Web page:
As the academic year gets underway, school communities have faced unexpected changes due to the COVID-19 pandemic that have challenged the way they educate their students. St. Theresa School in Trumbull, however, embraced not one but two significant changes this fall as it welcomed both a new principal and a new model of education.
Pamela Fallon, former director of education at St. Joseph Academy in Brookfield, replaced Salvatore Vittoria as principal in August, bringing with her a love for Catholic education and an excitement for this long-established school. While at St. Joseph, Fallon oversaw the day-to-day functions of the academy and implemented curriculum, all which prepared her well for a smooth transition to St. Theresa.
“My faith has called me to learn and to serve,” said Fallon, also a former teacher and assistant principal. “I teach with the lens of my Catholic faith and always want to share the ‘good news.’”
Fallon’s arrival at St. Theresa coincided with the school’s shift to a Catholic liberal model of education, a philosophy that places Jesus at the center of all learning, affecting not only what is taught but how. Such a model engages children in a love of knowledge and, like a traditional education, encourages them to discover the fundamentals of history, science, math, and English composition and grammar but on a deeper level for a stronger relationship with God. According to Father Brian Gannon, pastor of St. Theresa Church, this is achieved by recognizing that God is the purpose for everything we do.
“He is the order in biology, the magnificence in geography, the beauty in poetry,” said Father Gannon. “We are renovating educational opportunities for kids based on the strengths of our current structure and giving them the tools to integrate the body and the soul.”
“A child’s mind is so sharp,” he continued, “and we want to fill it with truth, beauty and goodness.” These building blocks of knowledge, said Father Gannon, are also the foundation of this classical model of education.
For Fallon, part of the draw of St. Theresa was this new philosophy. “I believe in this classical model. It integrates so much of what I stand for—connecting curricular areas as a coherent whole. There is a tremendous difference in this versus a traditional curriculum,” she said.
To assist St. Theresa in making this three-year transition, a curriculum director was hired to help guide the building of the curriculum and instructional practice and to provide ongoing support for teacher and families. In addition, the administration sought the expertise of Colleen Richards, director of school services at the Institute for Catholic Liberal Education, who spent two days in August at the Trumbull school leading professional learning workshops for teachers and staff. Equating this model to the telling of a great story, Richards commented that students respond so well because they are engaged by history.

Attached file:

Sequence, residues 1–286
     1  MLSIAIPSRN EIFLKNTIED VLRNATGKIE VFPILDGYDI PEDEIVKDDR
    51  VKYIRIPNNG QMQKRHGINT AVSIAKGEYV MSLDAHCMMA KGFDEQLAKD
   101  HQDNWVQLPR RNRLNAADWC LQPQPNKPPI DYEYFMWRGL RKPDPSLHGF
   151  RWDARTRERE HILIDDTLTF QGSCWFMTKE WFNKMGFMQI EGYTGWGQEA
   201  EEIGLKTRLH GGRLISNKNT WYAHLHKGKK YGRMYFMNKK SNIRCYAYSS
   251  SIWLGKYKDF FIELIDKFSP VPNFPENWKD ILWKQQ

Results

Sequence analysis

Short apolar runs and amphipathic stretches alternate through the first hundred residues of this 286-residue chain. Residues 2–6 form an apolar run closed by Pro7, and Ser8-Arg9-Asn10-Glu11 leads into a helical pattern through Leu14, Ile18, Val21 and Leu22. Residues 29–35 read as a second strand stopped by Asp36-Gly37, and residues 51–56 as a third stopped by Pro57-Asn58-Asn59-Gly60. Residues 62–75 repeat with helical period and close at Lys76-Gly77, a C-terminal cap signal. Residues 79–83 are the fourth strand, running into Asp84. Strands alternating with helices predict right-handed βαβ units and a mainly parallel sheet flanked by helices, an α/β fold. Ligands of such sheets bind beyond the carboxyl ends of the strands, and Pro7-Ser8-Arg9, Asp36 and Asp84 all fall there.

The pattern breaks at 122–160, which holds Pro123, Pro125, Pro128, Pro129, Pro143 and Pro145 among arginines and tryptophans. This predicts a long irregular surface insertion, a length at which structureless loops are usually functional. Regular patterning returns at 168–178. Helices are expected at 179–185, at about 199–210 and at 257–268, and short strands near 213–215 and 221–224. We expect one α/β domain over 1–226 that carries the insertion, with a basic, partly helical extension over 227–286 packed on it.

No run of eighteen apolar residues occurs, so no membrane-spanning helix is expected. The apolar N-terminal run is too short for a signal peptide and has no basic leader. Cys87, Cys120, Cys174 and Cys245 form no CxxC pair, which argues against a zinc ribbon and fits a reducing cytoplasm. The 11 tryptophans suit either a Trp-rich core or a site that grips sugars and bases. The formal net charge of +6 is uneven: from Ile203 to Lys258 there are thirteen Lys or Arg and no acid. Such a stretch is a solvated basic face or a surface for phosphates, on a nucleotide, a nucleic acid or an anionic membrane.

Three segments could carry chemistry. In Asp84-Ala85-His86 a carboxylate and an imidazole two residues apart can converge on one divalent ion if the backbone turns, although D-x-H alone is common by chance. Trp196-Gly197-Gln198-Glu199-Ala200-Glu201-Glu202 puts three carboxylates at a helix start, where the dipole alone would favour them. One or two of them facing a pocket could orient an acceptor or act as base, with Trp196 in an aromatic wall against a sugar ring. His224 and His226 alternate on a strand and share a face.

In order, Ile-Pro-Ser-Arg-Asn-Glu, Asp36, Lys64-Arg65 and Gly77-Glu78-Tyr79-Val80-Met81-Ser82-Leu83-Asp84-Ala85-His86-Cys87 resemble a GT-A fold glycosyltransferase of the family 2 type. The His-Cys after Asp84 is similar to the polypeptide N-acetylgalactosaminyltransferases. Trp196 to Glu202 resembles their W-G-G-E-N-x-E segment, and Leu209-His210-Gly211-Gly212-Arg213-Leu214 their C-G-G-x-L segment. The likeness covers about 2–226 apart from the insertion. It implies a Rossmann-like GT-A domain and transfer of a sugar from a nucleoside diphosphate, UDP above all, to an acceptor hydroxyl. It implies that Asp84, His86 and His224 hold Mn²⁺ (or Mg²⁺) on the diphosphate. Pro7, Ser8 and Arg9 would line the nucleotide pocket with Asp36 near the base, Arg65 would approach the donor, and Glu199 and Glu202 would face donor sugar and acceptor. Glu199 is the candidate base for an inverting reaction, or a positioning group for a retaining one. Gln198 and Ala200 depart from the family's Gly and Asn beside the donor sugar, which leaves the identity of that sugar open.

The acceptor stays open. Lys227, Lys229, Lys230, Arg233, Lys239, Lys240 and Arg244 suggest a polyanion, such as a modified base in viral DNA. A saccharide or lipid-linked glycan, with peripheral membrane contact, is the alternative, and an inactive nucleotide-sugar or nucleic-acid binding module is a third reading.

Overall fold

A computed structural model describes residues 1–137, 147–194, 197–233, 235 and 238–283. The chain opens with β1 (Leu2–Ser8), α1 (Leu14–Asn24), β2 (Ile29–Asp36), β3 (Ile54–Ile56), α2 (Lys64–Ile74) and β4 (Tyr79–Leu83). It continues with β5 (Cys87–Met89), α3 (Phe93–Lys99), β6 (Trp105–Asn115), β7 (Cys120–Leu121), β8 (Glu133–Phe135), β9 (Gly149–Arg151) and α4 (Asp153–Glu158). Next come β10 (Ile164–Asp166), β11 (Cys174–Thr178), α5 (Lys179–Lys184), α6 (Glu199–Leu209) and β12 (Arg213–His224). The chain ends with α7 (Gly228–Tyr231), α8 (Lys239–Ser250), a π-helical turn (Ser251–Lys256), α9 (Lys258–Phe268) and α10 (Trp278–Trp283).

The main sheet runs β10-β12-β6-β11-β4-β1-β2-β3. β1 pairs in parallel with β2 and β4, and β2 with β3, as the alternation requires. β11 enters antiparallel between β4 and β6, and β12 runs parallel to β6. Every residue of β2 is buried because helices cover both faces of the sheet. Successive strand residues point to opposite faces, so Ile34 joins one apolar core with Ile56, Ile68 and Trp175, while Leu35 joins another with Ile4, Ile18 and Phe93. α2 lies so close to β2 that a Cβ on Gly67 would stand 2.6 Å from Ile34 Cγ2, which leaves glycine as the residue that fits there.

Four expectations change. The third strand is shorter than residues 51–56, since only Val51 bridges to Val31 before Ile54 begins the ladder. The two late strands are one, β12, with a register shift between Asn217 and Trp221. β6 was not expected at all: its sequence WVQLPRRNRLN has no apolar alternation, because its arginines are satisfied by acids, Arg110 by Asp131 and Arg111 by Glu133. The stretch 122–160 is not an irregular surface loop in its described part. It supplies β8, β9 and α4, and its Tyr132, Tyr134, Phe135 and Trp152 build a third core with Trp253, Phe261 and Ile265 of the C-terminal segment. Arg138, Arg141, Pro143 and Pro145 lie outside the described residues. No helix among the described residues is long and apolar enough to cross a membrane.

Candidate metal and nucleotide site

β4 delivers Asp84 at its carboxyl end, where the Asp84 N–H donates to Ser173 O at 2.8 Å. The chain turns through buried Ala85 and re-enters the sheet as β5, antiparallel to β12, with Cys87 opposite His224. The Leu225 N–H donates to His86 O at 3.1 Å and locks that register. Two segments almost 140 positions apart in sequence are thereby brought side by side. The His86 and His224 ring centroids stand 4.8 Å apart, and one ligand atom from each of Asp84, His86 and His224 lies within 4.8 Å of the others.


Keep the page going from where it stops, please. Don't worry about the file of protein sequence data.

“We are restoring history—ancient, medieval, American and modern times,” she said. “We are renewing the mission in the church’s own tradition. Kids are happy because they study meaning and purpose, and that’s what feeds their souls.”
When first and second graders study ancient Greece and Rome, they have a greater understanding of the founding of American democracy in grade five. When third graders embark on a guided pilgrimage around the school through a modern day Canterbury Tales, they are learning social studies and religion in an integrated way.
“This whole self-engagement through the lens of faith further engages the story,” said Fallon, adding that new lesson plans, resources and tools recommended by Richards will be implemented in this inaugural year.
As the transition moves forward even in the midst of a pandemic, safety precautions remain in place at St. Theresa School, with masks, disinfectants, cohort groups and a remote learning academy for children who choose to study at home. Fallon believes, however, that even some of these measures will enhance the classical model. With “specials” such as music and art now occurring within the students’ homeroom classes, teachers can better incorporate them into the core curriculum. “It’s a benefit,” she said, “and everyone is on board.”
With a new principal and a new model of education complemented by the strong foundation of its Catholic faith, St. Theresa School has much “good news” to share.